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Among patients with early severe impairment of renal allograft function we have previously identified a group displaying isolated deposition of complement factor C3 in glomeruli. Here we studied the pattern of complement deposition more extensively in allograft biopsies from five patients using an immunofluorescence technique. We found a prominent deposition of C3c, C3d and C4d antigens in the glomerular capillary walls, and a positive reaction to vitronectin (S-protein), but only trace amounts of the complement factor C9 neoepitope. Clq, C4c, C3a, iC3b, factor B, properdin, immunoglobulins IgG, IgA or IgM were not found in glomeruli or in any other cortical structure. These findings indicate that most of the demonstrated glomerular C3 consists of C3b and/or C3c/C3d molecules. By immunoelectron microscopy the C3 antigen was found within the glomerular basement membrane. Our findings indicate that there is a mechanism of complement activation involving the early steps of the classical pathway, despite the lack of demonstrable immunoglobulins in the tissue. In analogy with similar reactions described recently in heart allografts, we suggest that this may be a manifestation of a humoral rejection, possibly mediated by a low titer of circulating antibodies directed against endothelial surface antigens, presumed to be the initial step leading to complement activation.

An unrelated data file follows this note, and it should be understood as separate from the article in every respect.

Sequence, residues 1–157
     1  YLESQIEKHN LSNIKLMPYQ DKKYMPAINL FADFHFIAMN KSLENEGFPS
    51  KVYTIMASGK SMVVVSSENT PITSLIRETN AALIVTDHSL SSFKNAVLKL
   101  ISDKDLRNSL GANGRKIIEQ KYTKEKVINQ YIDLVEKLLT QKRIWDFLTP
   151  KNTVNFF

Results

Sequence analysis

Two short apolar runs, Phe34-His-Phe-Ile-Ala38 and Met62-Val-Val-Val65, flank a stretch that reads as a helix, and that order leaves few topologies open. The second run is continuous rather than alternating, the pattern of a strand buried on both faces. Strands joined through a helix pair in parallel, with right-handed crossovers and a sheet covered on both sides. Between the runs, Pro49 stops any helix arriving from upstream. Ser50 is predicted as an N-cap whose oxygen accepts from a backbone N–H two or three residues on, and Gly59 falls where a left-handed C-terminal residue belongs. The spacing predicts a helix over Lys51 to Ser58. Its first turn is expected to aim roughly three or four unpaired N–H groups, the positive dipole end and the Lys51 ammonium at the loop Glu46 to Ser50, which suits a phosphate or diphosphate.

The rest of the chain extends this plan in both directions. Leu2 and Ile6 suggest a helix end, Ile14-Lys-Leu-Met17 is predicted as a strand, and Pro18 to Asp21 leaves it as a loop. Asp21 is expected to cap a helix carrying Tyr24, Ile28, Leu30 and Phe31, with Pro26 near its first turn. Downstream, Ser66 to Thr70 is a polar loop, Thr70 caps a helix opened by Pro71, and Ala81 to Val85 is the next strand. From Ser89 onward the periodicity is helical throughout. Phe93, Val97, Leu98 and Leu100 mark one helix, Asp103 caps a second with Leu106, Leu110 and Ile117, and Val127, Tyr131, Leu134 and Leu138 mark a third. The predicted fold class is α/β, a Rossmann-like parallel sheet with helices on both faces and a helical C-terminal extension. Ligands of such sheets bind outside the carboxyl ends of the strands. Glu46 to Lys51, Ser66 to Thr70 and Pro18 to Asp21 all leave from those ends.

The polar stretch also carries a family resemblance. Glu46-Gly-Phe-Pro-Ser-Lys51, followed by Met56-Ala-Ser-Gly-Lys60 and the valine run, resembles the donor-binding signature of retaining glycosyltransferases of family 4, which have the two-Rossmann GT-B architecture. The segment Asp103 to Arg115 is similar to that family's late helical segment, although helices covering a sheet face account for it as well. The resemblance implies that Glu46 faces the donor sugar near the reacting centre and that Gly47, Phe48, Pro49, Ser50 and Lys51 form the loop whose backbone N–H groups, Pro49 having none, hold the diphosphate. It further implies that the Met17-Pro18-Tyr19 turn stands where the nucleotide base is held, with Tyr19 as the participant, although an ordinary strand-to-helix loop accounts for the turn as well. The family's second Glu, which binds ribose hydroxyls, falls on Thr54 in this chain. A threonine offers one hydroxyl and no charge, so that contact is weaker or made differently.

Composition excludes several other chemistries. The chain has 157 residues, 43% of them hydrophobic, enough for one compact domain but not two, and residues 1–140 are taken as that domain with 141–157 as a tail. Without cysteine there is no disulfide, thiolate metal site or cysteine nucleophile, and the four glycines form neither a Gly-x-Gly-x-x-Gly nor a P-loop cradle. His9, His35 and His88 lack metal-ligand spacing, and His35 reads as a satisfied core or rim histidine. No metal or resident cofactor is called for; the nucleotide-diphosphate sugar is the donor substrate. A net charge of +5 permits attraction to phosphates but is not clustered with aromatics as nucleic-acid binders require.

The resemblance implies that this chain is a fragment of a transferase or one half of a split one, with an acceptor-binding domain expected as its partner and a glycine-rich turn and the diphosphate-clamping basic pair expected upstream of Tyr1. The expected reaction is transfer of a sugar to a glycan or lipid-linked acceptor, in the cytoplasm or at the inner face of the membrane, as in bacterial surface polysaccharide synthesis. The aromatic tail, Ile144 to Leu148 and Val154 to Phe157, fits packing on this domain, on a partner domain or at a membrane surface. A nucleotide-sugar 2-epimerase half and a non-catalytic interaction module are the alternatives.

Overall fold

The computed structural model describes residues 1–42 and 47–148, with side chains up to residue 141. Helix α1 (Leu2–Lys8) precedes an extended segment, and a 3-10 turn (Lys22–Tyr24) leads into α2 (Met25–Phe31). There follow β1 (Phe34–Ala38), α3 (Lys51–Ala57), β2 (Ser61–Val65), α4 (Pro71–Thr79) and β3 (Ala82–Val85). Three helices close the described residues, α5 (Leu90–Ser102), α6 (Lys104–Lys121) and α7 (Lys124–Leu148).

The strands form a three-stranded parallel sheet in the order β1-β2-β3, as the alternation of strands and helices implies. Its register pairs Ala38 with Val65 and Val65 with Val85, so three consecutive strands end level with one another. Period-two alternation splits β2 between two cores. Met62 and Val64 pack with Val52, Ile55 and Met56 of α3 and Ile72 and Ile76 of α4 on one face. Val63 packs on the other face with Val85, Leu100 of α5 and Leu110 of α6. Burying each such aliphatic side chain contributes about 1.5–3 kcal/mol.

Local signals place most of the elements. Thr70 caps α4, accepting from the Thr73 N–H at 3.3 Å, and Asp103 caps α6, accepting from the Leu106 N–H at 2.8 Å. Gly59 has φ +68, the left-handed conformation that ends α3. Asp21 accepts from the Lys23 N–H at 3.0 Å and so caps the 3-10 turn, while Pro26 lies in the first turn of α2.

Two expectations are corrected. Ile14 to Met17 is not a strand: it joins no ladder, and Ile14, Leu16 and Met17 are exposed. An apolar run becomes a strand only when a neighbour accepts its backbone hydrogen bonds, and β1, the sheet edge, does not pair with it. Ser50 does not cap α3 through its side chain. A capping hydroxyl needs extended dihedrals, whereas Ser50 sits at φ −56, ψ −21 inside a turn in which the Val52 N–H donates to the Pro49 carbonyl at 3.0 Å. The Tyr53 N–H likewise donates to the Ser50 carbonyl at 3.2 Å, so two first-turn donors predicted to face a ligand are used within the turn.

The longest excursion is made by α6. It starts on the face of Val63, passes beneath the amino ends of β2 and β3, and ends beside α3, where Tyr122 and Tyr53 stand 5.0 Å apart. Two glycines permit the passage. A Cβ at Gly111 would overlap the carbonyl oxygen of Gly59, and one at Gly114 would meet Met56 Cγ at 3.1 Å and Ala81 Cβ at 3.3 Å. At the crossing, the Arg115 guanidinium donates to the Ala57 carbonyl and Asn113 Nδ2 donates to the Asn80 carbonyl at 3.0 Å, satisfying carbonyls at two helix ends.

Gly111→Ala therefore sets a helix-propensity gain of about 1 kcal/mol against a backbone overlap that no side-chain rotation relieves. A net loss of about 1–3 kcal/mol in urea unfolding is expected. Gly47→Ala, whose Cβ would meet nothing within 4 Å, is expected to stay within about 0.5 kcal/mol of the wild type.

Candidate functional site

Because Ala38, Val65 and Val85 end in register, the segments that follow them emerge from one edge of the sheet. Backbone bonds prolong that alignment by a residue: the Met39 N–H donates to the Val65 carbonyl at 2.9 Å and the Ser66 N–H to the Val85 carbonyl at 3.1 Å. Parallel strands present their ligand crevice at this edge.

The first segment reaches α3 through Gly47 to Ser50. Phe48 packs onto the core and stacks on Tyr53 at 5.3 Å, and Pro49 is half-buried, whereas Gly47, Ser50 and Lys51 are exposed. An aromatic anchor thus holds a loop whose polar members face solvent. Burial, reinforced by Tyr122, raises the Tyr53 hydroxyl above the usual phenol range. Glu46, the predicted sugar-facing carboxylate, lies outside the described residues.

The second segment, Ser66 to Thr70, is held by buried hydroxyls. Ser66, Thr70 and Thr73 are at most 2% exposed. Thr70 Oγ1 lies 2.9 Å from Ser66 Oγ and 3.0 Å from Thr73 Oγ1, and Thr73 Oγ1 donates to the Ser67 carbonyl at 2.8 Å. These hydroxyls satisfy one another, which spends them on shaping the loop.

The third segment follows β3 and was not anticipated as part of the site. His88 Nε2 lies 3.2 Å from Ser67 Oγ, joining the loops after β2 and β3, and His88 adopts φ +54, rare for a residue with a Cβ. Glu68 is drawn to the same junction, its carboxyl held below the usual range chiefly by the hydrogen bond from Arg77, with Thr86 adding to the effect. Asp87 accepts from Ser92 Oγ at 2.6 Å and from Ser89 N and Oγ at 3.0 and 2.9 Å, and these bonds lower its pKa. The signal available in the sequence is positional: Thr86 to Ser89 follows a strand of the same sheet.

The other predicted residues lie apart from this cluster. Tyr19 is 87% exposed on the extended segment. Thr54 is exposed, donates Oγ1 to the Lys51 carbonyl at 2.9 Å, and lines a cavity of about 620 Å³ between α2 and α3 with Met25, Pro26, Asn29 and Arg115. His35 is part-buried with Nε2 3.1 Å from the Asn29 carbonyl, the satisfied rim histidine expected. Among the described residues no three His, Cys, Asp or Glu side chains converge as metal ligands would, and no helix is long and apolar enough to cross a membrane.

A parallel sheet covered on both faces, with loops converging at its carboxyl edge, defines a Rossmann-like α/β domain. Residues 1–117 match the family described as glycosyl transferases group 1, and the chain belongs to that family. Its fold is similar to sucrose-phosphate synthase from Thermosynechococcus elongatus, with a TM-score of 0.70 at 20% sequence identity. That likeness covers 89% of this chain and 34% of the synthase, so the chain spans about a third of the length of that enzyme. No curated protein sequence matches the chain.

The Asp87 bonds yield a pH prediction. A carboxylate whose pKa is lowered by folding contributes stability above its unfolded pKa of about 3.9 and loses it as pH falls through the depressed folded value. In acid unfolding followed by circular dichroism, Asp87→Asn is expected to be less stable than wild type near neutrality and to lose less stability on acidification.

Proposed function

Department of Clinical Chemistry, Huddinge University Hospital, Huddinge, and 2:
Transplant Unit, Department of Surgery, and 3:
Department of Clinical Immunology, Akademiska Hospital, Uppsala, Sweden 4:
Department of Pathology, Sahlgrenska University Hospital, Göteborg, and